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Warhol Photography Captures Diversity and Depth of American Culture

Alex Kasten
By Alex Kasten
Kareem Abdul Jabbar, 1978

What strikes the viewer of a certain generation almost immediately upon entering the new photography exhibition at University of Maryland Global Campus (UMGC) is a Polaroid image of NBA legend Kareem Abdul Jabbar (Kareem Abdul Jabbar, 1978). In it, the towering sports figure, half shielded by a basketball, appears vulnerable, almost childlike, as he peers out at the camera.

The Abdul-Jabbar image is among 74 Warhol works in the exhibit and it—like others—offer the viewer glimpses into intimate interactions. As a group, the works in the new photography exhibit, Social Angles and Interactions: The Photography of Andy Warhol, William J. Anderson, and A. Aubrey Bodine, push boundaries and comfort levels.

“These images present struggles that still feel contemporary,” said Treston Sanders, curator of the Arts Program at UMGC. Sanders selected the 98 images for this exhibition, which represent a portion of the works by Warhol, Anderson and Bodine in UMGC’s permanent collection.

“We’re proud to provide a glimpse into the social environments of three brilliant American artists,” said Eric Key, director of the Arts Program.  

Enlightenment, 2006

The Warhol photos highlight his interrelationship with art, marketing, culture and celebrity. His portraits of ordinary people, partygoers and celebrities are sometimes posed but often candid and playful and intimate. Throughout, the viewer gains a peek into the impromptu moments of private parties, intimate conversations and formal photo sessions, all of which capture the essence of Warhol as an observer and chronicler of a culture of celebrity that blossomed in the 1960s and continued into the 1980s.

In contrast, William J. Anderson, an African American photographer, sculptor and professor of art who died in 2019, was a chronicler of a completely different America. Born in Selma, Alabama, during the Great Depression, his images primarily capture the struggles, living conditions and lives of Black American children, families and elders.

A photograph of an older woman (Enlightenment, 2006)) stands out by contrasting the serene and engaged expression on her face while she reads a book against the visible fact that she is missing a leg. One is left to wonder about her personal history and what she may have experienced.. Another photo (Gonna Walk All Over, 1975) offers a close-up of two weathered feet, albeit at rest, also suggesting a story of struggle.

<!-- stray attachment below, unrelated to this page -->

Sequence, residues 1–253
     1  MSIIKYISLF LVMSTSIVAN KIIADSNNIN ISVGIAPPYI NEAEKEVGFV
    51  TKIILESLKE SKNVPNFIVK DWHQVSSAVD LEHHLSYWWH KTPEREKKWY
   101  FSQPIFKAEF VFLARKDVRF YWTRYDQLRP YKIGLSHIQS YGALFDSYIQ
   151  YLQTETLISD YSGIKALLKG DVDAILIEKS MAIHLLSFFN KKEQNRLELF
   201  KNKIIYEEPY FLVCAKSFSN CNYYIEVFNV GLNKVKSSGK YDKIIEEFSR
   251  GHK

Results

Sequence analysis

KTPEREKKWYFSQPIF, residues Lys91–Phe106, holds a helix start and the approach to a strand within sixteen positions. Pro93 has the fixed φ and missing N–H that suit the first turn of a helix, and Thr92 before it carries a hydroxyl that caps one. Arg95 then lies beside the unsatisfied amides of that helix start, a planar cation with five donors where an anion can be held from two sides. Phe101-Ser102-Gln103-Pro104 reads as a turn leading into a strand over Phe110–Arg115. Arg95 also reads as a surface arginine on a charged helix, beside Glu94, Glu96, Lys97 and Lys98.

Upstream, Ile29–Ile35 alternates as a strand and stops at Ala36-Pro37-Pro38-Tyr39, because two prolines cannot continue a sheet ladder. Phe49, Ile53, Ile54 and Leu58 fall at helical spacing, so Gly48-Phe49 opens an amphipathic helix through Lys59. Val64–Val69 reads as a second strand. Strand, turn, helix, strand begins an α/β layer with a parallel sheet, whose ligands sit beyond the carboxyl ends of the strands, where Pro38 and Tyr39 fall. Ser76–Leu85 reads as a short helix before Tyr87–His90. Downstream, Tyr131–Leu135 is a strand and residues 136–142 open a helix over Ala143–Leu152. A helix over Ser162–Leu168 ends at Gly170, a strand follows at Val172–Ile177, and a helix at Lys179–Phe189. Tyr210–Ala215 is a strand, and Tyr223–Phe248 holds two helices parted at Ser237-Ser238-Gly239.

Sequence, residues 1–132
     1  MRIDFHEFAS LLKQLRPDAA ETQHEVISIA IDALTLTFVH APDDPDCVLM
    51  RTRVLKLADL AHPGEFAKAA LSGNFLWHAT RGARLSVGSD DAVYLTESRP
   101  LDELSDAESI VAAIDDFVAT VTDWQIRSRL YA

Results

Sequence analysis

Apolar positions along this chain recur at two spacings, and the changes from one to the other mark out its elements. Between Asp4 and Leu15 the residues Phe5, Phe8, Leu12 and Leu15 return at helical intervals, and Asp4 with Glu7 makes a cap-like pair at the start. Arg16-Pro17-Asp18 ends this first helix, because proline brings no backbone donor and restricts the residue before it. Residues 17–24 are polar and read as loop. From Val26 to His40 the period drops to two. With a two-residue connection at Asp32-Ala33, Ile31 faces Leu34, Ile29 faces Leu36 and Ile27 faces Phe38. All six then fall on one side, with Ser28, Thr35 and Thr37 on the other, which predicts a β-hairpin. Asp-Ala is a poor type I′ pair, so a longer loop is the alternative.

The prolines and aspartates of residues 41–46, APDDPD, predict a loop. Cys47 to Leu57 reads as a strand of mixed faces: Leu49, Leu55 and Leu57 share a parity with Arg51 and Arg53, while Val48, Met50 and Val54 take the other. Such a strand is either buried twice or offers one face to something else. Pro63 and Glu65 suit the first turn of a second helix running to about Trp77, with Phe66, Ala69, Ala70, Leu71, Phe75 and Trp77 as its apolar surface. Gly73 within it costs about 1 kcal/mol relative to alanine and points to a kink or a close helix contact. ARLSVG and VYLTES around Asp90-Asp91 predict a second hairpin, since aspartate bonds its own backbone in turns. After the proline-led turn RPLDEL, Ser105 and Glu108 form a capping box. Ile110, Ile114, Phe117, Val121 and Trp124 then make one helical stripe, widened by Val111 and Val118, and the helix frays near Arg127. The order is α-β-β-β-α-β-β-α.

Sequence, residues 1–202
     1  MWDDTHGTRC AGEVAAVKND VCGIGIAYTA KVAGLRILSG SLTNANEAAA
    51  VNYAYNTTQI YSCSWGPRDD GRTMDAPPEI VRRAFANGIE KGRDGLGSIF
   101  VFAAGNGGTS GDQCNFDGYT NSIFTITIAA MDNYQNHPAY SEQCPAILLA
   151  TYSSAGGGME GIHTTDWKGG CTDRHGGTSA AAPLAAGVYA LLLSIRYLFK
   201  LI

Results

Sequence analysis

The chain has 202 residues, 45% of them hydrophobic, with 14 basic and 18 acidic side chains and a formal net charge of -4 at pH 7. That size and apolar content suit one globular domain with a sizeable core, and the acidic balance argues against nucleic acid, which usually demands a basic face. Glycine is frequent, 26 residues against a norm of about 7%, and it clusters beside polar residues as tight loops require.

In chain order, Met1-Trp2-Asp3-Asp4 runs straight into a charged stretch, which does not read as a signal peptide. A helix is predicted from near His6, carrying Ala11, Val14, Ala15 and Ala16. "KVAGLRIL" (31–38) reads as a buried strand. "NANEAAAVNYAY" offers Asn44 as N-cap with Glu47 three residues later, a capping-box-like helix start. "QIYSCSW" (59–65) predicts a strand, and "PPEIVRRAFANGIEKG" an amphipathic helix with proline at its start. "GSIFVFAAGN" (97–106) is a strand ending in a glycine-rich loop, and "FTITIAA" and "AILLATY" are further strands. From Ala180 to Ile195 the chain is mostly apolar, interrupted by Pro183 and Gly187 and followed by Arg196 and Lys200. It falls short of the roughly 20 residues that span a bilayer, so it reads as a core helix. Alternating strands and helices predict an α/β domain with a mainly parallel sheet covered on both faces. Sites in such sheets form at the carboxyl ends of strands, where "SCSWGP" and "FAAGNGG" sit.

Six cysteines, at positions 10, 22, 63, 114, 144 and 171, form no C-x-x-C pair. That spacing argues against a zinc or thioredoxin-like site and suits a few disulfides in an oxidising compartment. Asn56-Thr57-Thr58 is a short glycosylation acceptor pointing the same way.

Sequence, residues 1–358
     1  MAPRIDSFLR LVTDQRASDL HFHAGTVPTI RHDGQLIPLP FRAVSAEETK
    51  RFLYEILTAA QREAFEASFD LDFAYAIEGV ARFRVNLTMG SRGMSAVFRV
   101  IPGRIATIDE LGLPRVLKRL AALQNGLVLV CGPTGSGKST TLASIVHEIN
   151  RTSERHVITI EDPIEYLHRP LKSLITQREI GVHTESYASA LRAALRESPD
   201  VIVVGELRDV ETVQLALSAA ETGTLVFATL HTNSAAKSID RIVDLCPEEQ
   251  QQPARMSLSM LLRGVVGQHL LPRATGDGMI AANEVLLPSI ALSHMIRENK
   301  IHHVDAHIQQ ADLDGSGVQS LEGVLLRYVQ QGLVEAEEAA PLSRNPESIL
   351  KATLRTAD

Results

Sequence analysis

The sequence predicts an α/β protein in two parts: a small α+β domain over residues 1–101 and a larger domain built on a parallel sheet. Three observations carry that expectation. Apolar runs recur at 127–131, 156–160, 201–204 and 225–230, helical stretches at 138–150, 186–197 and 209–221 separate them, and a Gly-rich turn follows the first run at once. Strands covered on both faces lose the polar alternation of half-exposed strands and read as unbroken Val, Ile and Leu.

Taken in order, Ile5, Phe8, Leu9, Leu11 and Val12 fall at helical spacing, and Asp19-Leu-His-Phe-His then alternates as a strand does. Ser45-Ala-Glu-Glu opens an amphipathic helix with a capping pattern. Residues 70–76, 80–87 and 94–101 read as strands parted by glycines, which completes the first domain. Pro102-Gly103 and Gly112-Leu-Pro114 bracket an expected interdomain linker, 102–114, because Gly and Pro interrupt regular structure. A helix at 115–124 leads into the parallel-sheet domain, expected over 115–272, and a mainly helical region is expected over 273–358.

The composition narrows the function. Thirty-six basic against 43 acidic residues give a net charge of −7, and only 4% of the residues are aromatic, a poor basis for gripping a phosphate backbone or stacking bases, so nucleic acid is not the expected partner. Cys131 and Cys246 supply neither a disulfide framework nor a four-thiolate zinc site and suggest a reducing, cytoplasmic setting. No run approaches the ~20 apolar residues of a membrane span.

In many of Anderson’s images, the viewer is left to ponder the story behind the photo. 

Gonna Walk All Over, 1975

Like Warhol later in the 20th century, A. Aubrey Bodine, who died in 1970, was ahead of his time, especially in the ways he manipulated his images to capture a particular mood. A newspaperman by profession, Bodine got his start at age 14, working as a messenger for the Baltimore Sun before transferred to the newspaper’s commercial art department. Using images that capture Baltimore and Maryland’s landscapes, building interiors, facades and industry, he was one of the first news photographers to elevate his images to an artform.

Bodine was particularly well known for his photograph enhancements, essentially employing the effects of Photoshop decades before its invention. He developed a technique to enhance his images with clouds, using negatives that he would add to prints of landscapes and water scenes. Using this technique, he could alter the mood or time of day of an image. He also added silhouettes of birds, manipulated the size and the moon and sun, and slipped in flecks that appeared as snow or rain.

Polytechnic Institute

His photograph, Polytechnic Institute, suggests this technique. Its building facades, deep in shadow, are framed by brilliant, well-defined clouds.

UMGC has cultivated and grown its permanent art collections since 1978. The Maryland Artist Collection is one of the largest compilations of work by artists in the state. The International Collection includes works by some of the nation’s leading art figures, while The Asian Collection comprises centuries of Asian art, including Chinese ceramics and traditional scrolls that date as far back at the Tang Dynasty, as well as contemporary Japanese prints.

Social Angles and Interactions: The Photography of Andy Warhol, William J. Anderson, and A. Aubrey Bodine, on display at the UMGC Arts Program Gallery, Lower Level, College Park Marriott Hotel & Conference Center, runs until July 30.